Chris Paddack, SP, Twins (36%) – I think this one was probably more about how dreadful the White Sox lineup was, but anytime a widely available pitcher strikes out 10 in seven shutout innings, we're going to take notice. Paddack had an 8.36 ERA in three starts prior to Monday's, and it's not like his velocity was up or he was getting unusually good results on little-used secondary pitches, or anything; he had two whiffs and gave up several hard-hit balls on 20 curveballs and sliders in this one. Paddack definitely isn't a must-add pitcher, but it was nice to see signs of life from a guy who once was a must-roster pitcher. 

Daulton Varsho, OF, Blue Jays (71%) – It's pretty hard to buy into Varsho too much, given the massive gap between his actual production and his expected stats – he had a .363 wOBA entering Monday, despite just a .286 expected wOBA. Still, he's red-hot right now, with four homers in his past five games and six in 10, and given his stolen base potential, you need to make sure he's rostered in all category-based formats, at least. 

JP Sears, SP, Athletics (25%) – Sears now has his ERA down to 3.38 with a 1.05 WHIP through his first five starts, including three straight with one or zero runs allowed. I don't really see too much reason to buy in overall, though I will point out that Sears is a different pitcher than he has been in the past, and it's possible it took him a few starts to figure out how to thrive. He's throwing his sweeper more than any other pitch, and he got six whiffs with it Monday against the Yankees, after getting a pretty dreadful 13.3% whiff rate through his first four starts. If he's going to throw the pitch that often, it needs to be a weapon for him, and Monday was the first time it looked like one. 

Bryce Elder, SP, Braves (30%) – Elder made an All-Star game last season and I never really believed in him, so I'm not rushing out to go add him because he had a good start against a dreadful Marlins offense. His slider remains one of the only ways he can go out of the strike zone to get whiffs, which means he really needs to rely on getting outs on balls in play to succeed. The Marlins didn't hurt him in this one, but he did allow a 90.9 mph average exit velocity with 10 hard-hit balls, so he probably won't be able to get away with something similar against a more formidable offense. I'm pretty lukewarm about the prospect of adding Elder.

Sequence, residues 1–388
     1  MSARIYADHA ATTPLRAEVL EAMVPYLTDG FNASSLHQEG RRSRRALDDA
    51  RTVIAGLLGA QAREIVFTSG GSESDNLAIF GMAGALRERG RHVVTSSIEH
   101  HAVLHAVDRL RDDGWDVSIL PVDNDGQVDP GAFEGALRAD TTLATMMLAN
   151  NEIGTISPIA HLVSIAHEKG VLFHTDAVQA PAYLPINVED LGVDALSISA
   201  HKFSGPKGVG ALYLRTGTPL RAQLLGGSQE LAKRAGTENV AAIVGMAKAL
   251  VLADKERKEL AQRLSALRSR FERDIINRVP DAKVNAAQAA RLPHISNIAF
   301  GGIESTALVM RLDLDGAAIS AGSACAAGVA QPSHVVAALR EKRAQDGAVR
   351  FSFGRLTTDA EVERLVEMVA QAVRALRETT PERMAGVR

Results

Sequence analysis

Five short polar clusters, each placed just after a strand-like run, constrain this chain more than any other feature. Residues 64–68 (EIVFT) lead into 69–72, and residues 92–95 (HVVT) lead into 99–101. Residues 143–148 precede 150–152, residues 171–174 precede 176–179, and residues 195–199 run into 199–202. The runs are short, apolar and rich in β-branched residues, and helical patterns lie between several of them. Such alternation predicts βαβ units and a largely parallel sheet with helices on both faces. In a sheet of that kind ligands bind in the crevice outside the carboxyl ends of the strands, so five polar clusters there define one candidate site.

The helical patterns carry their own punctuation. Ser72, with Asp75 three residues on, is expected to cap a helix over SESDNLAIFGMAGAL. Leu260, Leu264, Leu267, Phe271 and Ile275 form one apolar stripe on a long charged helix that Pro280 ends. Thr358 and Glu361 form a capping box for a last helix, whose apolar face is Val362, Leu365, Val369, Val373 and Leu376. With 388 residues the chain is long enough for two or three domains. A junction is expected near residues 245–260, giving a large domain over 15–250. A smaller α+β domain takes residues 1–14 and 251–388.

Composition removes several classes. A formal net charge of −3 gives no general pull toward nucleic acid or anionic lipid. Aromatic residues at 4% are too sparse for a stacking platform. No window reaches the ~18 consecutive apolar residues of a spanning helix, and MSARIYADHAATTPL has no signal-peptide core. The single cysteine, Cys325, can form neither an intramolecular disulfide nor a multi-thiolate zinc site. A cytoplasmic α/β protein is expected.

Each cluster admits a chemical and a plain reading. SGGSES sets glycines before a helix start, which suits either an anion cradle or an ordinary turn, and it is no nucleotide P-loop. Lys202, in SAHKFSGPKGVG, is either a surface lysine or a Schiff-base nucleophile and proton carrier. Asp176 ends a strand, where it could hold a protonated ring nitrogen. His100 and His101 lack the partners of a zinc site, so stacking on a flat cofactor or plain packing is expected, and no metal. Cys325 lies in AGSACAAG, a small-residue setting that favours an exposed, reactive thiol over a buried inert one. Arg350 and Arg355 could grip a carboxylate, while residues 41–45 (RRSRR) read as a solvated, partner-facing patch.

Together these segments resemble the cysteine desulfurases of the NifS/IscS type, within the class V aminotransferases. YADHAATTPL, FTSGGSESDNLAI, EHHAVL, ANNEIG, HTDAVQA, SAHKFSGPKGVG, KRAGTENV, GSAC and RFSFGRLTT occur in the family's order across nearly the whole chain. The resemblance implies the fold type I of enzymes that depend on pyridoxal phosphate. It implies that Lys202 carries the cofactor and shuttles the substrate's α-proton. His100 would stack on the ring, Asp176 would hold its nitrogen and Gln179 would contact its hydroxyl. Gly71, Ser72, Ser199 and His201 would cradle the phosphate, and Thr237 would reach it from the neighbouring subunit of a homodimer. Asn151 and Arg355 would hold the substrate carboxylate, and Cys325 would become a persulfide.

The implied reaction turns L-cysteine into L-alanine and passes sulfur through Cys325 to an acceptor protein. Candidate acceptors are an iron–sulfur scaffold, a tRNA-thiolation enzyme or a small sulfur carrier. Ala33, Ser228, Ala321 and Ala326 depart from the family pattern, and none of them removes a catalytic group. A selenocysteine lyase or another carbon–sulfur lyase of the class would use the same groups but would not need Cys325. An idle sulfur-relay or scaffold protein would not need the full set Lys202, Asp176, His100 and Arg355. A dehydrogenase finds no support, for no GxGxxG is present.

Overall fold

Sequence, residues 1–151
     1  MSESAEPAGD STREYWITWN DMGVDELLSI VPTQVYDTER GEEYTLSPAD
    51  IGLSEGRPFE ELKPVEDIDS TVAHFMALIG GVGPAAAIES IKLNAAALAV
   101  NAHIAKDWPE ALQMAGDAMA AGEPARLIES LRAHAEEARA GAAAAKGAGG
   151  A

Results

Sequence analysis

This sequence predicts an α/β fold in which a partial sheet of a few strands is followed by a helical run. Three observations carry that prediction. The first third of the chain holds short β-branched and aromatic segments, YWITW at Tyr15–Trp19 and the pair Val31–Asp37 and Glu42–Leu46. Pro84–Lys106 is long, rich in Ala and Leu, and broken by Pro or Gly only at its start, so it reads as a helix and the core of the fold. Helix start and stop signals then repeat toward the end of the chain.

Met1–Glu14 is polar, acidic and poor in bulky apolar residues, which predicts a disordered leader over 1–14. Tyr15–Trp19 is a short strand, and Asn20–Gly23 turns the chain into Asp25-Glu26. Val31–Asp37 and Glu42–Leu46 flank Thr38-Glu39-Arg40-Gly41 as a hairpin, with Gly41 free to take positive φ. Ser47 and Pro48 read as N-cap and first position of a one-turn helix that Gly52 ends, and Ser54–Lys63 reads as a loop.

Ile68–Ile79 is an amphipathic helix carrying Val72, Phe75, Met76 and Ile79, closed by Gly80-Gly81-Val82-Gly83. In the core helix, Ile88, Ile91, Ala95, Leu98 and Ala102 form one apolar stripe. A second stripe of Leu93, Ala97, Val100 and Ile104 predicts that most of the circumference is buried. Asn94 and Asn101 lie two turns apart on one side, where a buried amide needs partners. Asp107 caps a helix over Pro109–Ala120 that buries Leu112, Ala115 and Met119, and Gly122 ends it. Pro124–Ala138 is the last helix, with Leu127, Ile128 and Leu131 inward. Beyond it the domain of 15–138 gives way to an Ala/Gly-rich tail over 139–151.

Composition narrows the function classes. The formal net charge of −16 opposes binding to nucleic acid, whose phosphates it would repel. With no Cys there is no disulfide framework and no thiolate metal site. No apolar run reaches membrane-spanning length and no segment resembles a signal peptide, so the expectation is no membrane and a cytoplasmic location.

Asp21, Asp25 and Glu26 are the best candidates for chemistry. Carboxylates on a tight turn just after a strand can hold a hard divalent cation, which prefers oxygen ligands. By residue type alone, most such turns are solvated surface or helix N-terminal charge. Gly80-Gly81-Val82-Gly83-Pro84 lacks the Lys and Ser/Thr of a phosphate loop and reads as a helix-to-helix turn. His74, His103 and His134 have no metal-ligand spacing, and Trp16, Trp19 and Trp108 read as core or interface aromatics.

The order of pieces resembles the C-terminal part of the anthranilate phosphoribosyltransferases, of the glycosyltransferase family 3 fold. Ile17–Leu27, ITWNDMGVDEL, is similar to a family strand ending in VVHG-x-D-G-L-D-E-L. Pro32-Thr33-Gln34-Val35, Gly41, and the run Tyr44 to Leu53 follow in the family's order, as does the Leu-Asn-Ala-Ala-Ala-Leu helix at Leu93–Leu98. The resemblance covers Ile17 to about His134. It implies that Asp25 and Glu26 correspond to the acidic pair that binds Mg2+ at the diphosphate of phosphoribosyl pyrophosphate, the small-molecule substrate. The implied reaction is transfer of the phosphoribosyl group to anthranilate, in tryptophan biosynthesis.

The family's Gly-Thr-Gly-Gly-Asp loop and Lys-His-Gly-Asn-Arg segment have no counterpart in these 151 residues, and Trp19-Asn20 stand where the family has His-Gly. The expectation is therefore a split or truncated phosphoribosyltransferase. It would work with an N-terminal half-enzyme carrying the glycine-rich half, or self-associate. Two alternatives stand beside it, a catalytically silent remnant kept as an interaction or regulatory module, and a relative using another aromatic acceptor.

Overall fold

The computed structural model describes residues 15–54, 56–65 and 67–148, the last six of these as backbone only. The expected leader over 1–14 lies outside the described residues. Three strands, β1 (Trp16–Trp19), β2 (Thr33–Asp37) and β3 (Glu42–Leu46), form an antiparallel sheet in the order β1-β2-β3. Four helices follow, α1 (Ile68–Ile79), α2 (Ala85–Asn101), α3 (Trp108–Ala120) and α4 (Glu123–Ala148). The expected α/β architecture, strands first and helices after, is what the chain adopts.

Mark Canha, OF, Tigers (25%) – Canha probably deserves more love from us in the Fantasy world. I've been starting him in a few leagues, and he's off to a pretty solid start, upping his OPS to .875 after he went 3 for 4 with his fourth home run, two RBI, and two runs scored. He's always had terrific plate discipline, and that's serving him well while hitting second primarily for the Tigers, as he's on pace for 80-plus runs and RBI each. 

Travis d'Arnaud, C, Braves (55%) – I'm inclined to write it off as a random hot streak for a veteran, but d'Arnaud is making it awfully hard to dismiss him right now. He has five homers in his past four games after going 2 for 4 with a homer Monday against the Marlins, and he's doing it while sporting absolutely massive underlying numbers: 92.2 mph average exit velocity, 15% barrel rate, a .288 expected batting average and .617 expected slugging percentage. If you're unhappy with what you're getting from the catcher position and d'Arnaud is available, it's worth adding him, even if I don't necessarily expect him to remain a top-12 option moving forward.